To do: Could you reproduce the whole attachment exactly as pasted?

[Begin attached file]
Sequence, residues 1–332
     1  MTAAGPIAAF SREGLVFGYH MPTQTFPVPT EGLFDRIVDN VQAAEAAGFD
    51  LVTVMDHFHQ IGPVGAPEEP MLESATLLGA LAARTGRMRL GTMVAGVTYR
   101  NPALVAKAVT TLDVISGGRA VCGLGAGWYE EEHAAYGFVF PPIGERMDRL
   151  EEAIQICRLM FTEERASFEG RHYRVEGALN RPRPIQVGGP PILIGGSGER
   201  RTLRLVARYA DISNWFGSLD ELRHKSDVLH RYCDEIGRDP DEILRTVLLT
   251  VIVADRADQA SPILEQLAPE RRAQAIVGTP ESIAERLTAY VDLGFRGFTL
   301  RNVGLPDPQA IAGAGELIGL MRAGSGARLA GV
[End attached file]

Sequence, residues 1–332
     1  MTAAGPIAAF SREGLVFGYH MPTQTFPVPT EGLFDRIVDN VQAAEAAGFD
    51  LVTVMDHFHQ IGPVGAPEEP MLESATLLGA LAARTGRMRL GTMVAGVTYR
   101  NPALVAKAVT TLDVISGGRA VCGLGAGWYE EEHAAYGFVF PPIGERMDRL
   151  EEAIQICRLM FTEERASFEG RHYRVEGALN RPRPIQVGGP PILIGGSGER
   201  RTLRLVARYA DISNWFGSLD ELRHKSDVLH RYCDEIGRDP DEILRTVLLT
   251  VIVADRADQA SPILEQLAPE RRAQAIVGTP ESIAERLTAY VDLGFRGFTL
   301  RNVGLPDPQA IAGAGELIGL MRAGSGARLA GV